Texas honey production drops slightly | Agriculture News
Texas honey production declined slightly, along with the number of bee colonies, in 2021, according to an expert from Texas A&M AgriLife Extension Service.
Molly Keck, AgriLife Extension entomologist and Beekeeping 101 instructor, Bexar County, said winter storm Uri in February and drought conditions in early spring negatively impacted honey production.
Keck said the combination of stressful conditions occurred at a critical time for overwintering bee colonies.
“The winter storm delayed the blooming of the wildflowers and this definitely impacted honey production,” Keck said. “It probably caused bee losses, especially in South Texas, where bees are not acclimated to this kind of freezing cold. But the lack of rain during the winter until the end of April exacerbated the lack of forage availability for bees as the hives became more active.
The United States Department of Agriculture’s annual honey report in March showed that there were 157,000 honey-producing bee colonies statewide in 2020. Texas honey contributed 8, 9 million pounds with a total production value of $ 17 million in the United States, 147.5 million pounds worth over $ 299 million.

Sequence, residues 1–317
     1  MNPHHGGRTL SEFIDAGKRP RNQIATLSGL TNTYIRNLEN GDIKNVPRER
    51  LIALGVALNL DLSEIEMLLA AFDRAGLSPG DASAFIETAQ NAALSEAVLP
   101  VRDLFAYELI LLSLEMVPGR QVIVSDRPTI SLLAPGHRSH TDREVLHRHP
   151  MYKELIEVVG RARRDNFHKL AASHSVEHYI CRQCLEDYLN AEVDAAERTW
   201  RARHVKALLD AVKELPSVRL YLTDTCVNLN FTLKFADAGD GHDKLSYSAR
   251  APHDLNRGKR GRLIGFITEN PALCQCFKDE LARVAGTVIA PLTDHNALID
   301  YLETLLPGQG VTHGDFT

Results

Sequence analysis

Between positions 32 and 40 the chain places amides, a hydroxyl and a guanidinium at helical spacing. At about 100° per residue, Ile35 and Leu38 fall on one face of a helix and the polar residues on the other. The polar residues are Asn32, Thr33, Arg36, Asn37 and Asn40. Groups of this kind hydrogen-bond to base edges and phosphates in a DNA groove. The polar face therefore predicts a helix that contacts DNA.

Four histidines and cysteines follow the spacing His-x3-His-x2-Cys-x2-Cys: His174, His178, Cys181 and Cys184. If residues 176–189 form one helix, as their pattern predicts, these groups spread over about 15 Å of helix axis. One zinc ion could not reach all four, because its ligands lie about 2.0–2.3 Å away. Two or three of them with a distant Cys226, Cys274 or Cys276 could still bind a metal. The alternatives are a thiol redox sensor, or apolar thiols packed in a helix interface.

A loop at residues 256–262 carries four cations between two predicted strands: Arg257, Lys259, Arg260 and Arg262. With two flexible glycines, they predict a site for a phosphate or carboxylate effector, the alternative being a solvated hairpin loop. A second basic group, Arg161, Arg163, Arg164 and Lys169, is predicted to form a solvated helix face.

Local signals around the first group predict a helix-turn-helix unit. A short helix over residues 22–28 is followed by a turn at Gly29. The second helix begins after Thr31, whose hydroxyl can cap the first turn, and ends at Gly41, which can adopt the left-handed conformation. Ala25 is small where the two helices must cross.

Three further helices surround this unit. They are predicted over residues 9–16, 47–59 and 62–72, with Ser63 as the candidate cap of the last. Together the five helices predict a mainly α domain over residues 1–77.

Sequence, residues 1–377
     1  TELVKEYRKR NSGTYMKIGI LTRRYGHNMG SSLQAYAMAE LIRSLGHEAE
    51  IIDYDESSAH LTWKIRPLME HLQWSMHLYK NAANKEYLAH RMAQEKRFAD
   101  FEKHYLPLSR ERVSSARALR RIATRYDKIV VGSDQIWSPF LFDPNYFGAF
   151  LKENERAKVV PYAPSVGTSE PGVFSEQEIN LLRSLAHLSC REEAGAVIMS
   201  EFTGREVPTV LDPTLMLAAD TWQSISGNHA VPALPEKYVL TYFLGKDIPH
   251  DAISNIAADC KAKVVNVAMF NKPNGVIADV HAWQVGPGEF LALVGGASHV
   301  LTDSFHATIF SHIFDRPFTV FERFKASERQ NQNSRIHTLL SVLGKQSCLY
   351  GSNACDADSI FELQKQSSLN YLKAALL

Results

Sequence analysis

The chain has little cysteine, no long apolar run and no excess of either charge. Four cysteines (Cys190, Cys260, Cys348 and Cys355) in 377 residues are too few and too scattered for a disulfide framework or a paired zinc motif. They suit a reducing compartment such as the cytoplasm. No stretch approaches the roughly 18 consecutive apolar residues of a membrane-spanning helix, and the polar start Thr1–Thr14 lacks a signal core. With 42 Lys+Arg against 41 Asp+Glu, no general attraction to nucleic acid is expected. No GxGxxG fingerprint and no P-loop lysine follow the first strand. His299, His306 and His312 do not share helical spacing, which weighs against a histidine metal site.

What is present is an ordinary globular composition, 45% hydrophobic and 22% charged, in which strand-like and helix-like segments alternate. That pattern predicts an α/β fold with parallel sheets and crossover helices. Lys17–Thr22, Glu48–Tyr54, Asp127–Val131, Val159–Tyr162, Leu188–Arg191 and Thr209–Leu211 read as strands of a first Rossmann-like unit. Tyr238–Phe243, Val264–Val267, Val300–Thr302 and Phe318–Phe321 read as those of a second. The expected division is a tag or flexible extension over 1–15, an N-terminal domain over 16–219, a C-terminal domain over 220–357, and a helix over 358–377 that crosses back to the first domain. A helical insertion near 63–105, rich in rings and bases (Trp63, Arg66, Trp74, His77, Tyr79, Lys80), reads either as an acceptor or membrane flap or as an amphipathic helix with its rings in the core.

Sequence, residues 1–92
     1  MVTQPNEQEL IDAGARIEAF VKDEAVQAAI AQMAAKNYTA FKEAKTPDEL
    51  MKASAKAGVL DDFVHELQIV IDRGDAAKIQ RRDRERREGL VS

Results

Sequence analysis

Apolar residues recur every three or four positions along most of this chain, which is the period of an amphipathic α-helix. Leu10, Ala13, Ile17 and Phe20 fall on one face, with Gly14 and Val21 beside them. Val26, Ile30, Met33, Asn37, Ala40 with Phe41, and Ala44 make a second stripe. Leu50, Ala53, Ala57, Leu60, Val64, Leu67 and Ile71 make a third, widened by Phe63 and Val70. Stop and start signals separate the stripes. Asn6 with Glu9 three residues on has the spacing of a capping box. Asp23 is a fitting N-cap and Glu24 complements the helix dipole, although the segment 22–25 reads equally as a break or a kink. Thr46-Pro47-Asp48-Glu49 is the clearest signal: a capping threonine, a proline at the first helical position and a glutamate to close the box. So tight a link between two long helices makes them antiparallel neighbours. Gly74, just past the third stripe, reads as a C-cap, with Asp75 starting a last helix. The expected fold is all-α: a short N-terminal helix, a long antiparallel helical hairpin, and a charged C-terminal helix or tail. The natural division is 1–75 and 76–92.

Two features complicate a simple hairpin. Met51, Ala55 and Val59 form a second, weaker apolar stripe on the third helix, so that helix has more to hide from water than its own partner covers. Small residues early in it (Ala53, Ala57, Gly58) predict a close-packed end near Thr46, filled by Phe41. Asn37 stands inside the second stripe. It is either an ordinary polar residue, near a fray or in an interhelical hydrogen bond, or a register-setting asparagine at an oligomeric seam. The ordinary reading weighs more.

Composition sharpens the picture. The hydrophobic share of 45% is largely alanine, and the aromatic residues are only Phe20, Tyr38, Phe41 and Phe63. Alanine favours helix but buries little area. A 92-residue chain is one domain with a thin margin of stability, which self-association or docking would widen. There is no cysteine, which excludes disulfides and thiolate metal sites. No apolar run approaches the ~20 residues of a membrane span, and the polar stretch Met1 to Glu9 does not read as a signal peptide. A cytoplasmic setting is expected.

Keck said reduced production could mean higher prices for retail honey, but local conditions and the success or failure of production could play into what consumers ultimately pay for locally produced honey.
Interest in beekeeping has increased in recent years, especially due to COVID-19. Interest from hobbyists is on the rise as are most farm-type activities, including gardening and backyard poultry production, Keck said. There is also an interest in beekeeping in order to obtain property tax exemptions for small plots.
Keck said some hobbyists and misfits are reporting better results in honey production and beehive populations this season despite the decline in commercial honey producers. She suspects that restrictions during the height of the pandemic likely gave part-time beekeepers more opportunities to pay attention to their hives, while commercial growers may have had labor issues.
“It was my second best year of honey production yet, despite the winter storm and late flowering,” she said. “I think a lot of the results are due to local conditions – the health of their colony coming out of winter and all the interventions by beekeepers to help their colonies when they need it.”